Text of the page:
Sunday, April 19, 2009

Quality of Light - part 2 (Hard Light)

Continuing our discussion of the quality or contrast for light, we have seen that a small light source produces high contrast light that makes well defined, hard shadows this type of light is often referred to as hard light. Conversely, we saw that a large light source produces low contrast light that makes soft shadows. This type of light is often referred to as soft light.

The problem with this discussion so far is that we haven't really defined what constitutes a large or small light source. We have so far also neglected the effect of distance between the light source and the subject (coming in part 3). For now I will just say that the size of the light source is always relative to the subject. Assuming the light source is relatively close to the subject, then a my idea large is when the size of the light source approaches or exceeds the size of the subject. Small would be a light source that is less than somewhere around ¼ the size of the subject.
Now that we have established some ball park metrics for size (grabbed out of thin air for the sake of discussion), let's take a look at why size matters. The following diagrams attempt to explain this, but might need a little help, so I'll do my best to describe what they are trying to show you (without getting too verbose).

For the following diagram, assume that light projects evenly from across the entire front of the light source. Also assume that the light source has a perfect reflector that focus the light perfectly at the angle shown by the yellow area (we only care about the light in the middle anyway).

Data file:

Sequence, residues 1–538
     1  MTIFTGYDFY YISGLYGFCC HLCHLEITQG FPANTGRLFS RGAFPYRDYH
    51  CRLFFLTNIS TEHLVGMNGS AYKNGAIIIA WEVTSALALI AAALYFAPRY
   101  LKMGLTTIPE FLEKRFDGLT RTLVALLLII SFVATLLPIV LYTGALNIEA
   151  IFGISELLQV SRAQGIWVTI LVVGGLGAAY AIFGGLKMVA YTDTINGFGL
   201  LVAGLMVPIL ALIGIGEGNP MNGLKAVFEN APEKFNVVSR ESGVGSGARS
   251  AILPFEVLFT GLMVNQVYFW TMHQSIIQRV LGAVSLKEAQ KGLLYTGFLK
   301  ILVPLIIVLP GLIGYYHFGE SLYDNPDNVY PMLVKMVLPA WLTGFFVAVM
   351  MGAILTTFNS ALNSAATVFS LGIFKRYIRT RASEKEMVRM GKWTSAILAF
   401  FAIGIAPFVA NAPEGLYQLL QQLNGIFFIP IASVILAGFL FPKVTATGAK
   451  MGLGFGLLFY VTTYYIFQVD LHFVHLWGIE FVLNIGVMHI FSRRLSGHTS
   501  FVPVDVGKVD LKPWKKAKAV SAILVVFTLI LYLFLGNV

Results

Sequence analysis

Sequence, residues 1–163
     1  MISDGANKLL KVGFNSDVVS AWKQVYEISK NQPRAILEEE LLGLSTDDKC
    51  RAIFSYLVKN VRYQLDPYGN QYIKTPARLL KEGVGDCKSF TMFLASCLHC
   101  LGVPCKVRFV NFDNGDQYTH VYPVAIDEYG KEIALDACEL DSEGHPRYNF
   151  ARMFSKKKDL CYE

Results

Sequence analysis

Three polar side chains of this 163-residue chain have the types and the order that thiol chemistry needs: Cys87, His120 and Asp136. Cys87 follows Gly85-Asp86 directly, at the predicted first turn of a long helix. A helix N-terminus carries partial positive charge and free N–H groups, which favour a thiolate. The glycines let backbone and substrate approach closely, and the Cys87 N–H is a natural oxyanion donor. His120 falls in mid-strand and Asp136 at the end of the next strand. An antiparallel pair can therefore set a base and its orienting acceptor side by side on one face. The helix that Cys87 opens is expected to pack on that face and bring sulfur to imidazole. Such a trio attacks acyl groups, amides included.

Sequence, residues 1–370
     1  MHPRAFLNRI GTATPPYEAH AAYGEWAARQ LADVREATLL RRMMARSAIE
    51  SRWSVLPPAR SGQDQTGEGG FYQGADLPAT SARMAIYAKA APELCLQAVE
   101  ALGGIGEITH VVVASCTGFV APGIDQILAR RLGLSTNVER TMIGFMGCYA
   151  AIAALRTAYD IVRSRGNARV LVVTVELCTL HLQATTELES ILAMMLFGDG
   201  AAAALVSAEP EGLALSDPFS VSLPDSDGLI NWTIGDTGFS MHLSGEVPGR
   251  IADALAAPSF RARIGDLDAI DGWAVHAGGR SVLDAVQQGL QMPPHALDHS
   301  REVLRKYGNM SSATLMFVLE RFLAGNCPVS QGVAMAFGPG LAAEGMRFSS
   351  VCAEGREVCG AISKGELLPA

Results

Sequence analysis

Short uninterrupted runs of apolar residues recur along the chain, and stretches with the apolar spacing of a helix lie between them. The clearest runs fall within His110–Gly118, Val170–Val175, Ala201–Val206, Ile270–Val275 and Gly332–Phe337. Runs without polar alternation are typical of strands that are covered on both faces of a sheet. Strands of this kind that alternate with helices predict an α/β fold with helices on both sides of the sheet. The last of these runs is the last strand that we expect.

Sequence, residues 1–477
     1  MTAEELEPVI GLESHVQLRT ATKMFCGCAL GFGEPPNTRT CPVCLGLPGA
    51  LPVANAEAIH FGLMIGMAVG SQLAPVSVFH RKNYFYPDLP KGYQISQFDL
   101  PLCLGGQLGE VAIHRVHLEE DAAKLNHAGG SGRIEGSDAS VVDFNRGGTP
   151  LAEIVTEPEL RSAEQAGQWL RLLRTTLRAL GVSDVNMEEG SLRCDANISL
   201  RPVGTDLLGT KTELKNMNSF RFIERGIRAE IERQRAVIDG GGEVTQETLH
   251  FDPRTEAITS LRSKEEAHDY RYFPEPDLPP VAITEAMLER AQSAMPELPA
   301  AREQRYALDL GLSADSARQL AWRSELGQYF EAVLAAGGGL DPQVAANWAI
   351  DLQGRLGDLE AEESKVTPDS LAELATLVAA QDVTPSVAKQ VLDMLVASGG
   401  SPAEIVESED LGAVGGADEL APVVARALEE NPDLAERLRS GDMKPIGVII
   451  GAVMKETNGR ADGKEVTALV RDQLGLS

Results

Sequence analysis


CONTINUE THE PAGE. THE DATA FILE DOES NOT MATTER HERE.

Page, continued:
In this first diagram we have a (near) single point light source. Obviously it is tiny compared to our subject. I've use colored lines (vectors) to show the rays of light emanating from this source where they just touches the sides of our model's face. Past this point behind the model, on one side of the line we have light that hits the background. On the other side the light is blocked by our model and so a shadow gets created. This shadow is clearly defined, as there is no light reflected or otherwise directed into the shadow area. What we have here is some very hard light.
In the next installment I will show how a larger light source creates a softer shadow.

Continue on to "Quality of Light - part 3 (Soft Light)

No comments:

Post a Comment

Your comments are greatly appreciated, but please be kind. Kudos are always welcome! Please note that due to comment spamming, all comments are moderated, so it may take a little while before yours appears on the page.